Arts, Movies, Review

Netflix’s ‘Little Evil’ Satirizes Horror Genre, Remains Spooky



Step-fatherhood is never easy. Children often refuse to communicate openly, or act out in various ways. But no book on parenting prepares one for step-fathering the literal antichrist. Most children don’t conjure massive tornadoes when their parent marries a new man. Most children don’t ignite birthday clowns after their step-father tries to reach out to them. Certainly, most children don’t exclusively communicate through a goat sock puppet named Reeroy who speaks with the voice of Satan himself. What’s a guy to do?

Little Evil, Netflix’s latest movie, begins on a dark and stormy night as creepy gothic music plays in the background. Lightning strikes, illuminating the creepiest child known to man, who is standing underneath a broken swing set on an upturned pile of dirt. A woman sprints toward the scene shouting “Gary!” After she puts the child in time-out, she digs up a pine box and pries it open to reveal a shaking man. She pleads with him to say something, but all he can get out is an emphatic “I want a divorce!”

Flashback one week earlier. Gary (Adam Scott) is moving into his new wife Samantha’s (Evangeline Lilly) house. Out back, her son Lucas (Owen Atlas) is swinging on the squeakiest swingset that has ever existed. What’s even creepier: Lucas is wearing a beret.

As Gary and Samantha talk (read: exposit), they allude to a horrible disaster at their wedding. The audience learns that Gary is a realtor, as he gives Rev. Gospel (Clancy Brown) a tour of an abandoned nunnery. He prophesies the end of the world, but Gary brushes this off after the Reverend agrees to purchase the property. Gary is suddenly called away to his stepson’s school because Lucas was in trouble. The principal tells Gary that Lucas told his science teacher to go to hell. She proceeded to pour lye on her face and then threw herself out the window, impaling herself on the fence. Kids can be so cruel.

Most of these events are common horror tropes and clichés. Little Evil pulls them off well because, like Cabin in the Woods, it pokes fun at the genre it is a part of. Little Evil is a part of the diametrically opposed and sparse group of movies known as horror-comedies. Finding this on Netflix is especially remarkable, as the horror section on the website is scarier than the movies themselves. Gary’s continual acceptance of incredibly unnerving and ridiculous situations is played ad nauseum to demonstrate the frustrating ability of horror movie characters to ignore every sign of their impending doom until the bitter end. Lucas chews on the scenery in his attempt at creepiness, drawing attention to many horror flicks unabashed use of corrupted children to play up the fear factor. Samantha casually brushes off Lucas’ demonic actions as eccentricities and mentions his conception during a satanic cult ritual in an off-hand conversation to illustrate horror characters fervent denial that anything out of the ordinary is happening.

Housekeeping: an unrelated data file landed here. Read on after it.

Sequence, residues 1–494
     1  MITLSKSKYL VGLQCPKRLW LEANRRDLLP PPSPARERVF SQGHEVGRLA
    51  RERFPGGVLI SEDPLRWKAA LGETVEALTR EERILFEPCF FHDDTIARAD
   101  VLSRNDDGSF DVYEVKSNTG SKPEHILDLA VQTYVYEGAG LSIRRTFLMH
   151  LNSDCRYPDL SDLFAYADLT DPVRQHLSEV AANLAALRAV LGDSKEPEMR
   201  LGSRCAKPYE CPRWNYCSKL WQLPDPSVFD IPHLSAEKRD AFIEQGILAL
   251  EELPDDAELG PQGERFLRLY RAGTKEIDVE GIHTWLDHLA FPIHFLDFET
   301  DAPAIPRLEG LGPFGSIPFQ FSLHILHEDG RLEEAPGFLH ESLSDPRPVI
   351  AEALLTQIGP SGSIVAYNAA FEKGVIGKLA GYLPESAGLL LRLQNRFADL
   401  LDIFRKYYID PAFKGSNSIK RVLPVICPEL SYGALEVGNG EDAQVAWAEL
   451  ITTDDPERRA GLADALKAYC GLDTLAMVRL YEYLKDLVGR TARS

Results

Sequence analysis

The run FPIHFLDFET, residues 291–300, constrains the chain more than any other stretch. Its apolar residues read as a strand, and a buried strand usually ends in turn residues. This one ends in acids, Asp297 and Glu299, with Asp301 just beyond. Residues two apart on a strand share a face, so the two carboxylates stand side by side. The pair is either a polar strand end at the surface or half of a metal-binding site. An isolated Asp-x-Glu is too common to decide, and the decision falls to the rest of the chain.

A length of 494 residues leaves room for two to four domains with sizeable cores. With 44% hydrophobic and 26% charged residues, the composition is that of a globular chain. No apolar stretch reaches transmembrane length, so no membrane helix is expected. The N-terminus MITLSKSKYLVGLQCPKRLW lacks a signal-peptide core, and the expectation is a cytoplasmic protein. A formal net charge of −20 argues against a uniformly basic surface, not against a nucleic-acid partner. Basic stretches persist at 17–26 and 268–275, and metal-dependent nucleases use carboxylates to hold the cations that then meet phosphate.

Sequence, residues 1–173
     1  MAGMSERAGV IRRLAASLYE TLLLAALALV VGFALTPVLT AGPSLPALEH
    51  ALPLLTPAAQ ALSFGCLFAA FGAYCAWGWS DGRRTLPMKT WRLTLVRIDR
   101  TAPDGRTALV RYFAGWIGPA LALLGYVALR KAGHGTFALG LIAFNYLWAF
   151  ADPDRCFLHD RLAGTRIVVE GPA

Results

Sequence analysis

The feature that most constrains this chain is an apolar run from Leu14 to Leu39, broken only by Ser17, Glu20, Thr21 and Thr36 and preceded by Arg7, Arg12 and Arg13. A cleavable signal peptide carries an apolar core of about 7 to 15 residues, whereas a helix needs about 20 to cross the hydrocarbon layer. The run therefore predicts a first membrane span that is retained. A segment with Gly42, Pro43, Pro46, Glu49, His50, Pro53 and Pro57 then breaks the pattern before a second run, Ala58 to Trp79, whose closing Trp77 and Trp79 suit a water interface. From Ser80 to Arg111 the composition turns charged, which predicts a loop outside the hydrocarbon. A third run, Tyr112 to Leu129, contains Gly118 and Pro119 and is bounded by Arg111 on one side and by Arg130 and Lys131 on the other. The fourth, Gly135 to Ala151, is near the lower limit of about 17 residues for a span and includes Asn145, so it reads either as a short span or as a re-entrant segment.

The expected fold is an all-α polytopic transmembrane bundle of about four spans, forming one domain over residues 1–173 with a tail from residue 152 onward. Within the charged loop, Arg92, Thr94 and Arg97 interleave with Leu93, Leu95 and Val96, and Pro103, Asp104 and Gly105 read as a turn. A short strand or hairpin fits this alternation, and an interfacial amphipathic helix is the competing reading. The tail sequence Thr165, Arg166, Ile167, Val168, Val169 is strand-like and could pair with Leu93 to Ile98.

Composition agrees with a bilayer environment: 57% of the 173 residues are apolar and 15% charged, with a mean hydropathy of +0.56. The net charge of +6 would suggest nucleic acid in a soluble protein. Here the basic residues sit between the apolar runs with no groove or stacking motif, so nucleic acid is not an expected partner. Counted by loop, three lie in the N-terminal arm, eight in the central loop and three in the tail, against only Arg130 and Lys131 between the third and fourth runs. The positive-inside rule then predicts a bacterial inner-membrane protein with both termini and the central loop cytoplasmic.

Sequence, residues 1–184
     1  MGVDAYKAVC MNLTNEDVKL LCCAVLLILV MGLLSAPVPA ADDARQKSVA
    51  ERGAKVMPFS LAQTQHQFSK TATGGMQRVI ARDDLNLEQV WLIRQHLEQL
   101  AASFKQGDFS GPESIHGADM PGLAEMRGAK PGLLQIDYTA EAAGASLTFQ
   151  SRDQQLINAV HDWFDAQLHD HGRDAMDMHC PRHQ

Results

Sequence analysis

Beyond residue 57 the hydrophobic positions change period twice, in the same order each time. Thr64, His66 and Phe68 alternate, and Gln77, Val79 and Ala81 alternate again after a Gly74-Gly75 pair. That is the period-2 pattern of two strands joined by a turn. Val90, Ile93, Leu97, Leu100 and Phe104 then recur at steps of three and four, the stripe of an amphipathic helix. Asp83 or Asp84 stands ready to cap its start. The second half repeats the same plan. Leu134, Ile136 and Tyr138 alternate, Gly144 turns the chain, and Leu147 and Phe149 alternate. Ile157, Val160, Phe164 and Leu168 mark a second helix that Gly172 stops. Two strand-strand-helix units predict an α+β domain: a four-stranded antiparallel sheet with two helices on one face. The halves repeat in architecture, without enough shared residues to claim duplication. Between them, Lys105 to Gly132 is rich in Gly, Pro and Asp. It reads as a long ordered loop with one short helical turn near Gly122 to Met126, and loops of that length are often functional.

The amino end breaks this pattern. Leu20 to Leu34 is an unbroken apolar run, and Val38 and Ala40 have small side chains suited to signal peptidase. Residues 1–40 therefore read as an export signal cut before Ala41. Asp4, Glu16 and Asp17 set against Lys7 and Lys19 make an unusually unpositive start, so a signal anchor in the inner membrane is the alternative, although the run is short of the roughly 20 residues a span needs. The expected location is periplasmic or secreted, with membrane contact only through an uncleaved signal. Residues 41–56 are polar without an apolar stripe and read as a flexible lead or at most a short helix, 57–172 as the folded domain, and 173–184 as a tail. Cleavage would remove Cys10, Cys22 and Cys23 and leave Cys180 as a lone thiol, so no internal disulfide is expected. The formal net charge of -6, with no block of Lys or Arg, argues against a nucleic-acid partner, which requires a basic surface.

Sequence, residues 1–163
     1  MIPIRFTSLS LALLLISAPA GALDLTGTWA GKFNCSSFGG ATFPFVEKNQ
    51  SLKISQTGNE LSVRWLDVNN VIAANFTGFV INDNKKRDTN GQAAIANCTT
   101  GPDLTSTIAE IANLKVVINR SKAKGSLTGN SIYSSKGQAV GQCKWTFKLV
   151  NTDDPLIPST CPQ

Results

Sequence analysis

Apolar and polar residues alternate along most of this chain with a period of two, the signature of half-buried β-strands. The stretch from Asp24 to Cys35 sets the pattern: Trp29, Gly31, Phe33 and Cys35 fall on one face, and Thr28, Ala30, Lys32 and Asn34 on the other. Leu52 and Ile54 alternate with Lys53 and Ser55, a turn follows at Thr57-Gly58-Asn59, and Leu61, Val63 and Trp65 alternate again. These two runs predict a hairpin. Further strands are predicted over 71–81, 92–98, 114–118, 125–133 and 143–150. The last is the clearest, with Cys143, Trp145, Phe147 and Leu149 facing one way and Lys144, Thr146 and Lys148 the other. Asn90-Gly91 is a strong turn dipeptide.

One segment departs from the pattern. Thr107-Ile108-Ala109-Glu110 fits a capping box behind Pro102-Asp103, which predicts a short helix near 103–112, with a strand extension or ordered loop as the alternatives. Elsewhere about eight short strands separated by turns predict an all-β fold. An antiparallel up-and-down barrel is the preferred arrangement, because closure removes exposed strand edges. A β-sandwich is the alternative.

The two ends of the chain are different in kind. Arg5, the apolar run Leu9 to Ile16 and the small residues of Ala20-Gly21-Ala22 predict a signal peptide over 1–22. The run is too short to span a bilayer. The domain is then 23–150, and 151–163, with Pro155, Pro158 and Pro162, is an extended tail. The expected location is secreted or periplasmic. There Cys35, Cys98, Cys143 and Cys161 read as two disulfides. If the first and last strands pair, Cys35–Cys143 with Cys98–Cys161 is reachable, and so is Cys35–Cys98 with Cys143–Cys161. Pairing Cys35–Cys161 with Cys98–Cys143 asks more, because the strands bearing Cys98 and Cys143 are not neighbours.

Little Evil does, however, suffer from a few problems of its own. Halfway through, the film tries to pivot to an entirely different tone, but stumbles for a while along the way. Little Evil also tries to push a moral message which, while sweet, ends up leaving a saccharine taste in the mouth.

Fans of the horror genre who aren’t afraid to laugh at themselves a little will find it very fun, akin to Tucker and Dale vs. Evil. On the other side of the aisle, those who look down on horror as a genre, in favor of the more refined “thriller,” will also enjoy Little Evil. All of the actors do a very good job playing along, and the film gives glimpses of many other comedic actors in bit parts, which adds to the wink-wink nod-nod feeling of the movie. Little Evil doesn’t break any new ground in terms of comedy or horror, but this small film is a fun diamond in the rough of Netflix’s content.

Featured Image by Netflix

September 10, 2017